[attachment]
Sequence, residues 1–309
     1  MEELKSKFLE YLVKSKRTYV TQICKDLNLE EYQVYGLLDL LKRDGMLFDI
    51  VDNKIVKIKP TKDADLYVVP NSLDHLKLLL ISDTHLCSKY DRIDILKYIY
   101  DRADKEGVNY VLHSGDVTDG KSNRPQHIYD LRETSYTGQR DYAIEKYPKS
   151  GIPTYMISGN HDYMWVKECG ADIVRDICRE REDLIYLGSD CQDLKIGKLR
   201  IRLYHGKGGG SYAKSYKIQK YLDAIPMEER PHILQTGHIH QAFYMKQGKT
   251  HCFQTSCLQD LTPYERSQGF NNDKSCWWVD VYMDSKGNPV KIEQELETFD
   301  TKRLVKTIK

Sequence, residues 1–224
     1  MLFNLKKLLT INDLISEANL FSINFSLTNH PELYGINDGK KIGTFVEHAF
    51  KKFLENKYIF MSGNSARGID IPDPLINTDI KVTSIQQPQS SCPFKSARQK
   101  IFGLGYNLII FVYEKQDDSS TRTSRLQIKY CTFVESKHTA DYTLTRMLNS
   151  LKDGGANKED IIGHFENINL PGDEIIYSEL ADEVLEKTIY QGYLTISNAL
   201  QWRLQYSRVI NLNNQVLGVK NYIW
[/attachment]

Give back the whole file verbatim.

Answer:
Sequence, residues 1–309
     1  MEELKSKFLE YLVKSKRTYV TQICKDLNLE EYQVYGLLDL LKRDGMLFDI
    51  VDNKIVKIKP TKDADLYVVP NSLDHLKLLL ISDTHLCSKY DRIDILKYIY
   101  DRADKEGVNY VLHSGDVTDG KSNRPQHIYD LRETSYTGQR DYAIEKYPKS
   151  GIPTYMISGN HDYMWVKECG ADIVRDICRE REDLIYLGSD CQDLKIGKLR
   201  IRLYHGKGGG SYAKSYKIQK YLDAIPMEER PHILQTGHIH QAFYMKQGKT
   251  HCFQTSCLQD LTPYERSQGF NNDKSCWWVD VYMDSKGNPV KIEQELETFD
   301  TKRLVKTIK

Sequence, residues 1–224
     1  MLFNLKKLLT INDLISEANL FSINFSLTNH PELYGINDGK KIGTFVEHAF
    51  KKFLENKYIF MSGNSARGID IPDPLINTDI KVTSIQQPQS SCPFKSARQK
   101  IFGLGYNLII FVYEKQDDSS TRTSRLQIKY CTFVESKHTA DYTLTRMLNS
   151  LKDGGANKED IIGHFENINL PGDEIIYSEL ADEVLEKTIY QGYLTISNAL
   201  QWRLQYSRVI NLNNQVLGVK NYIW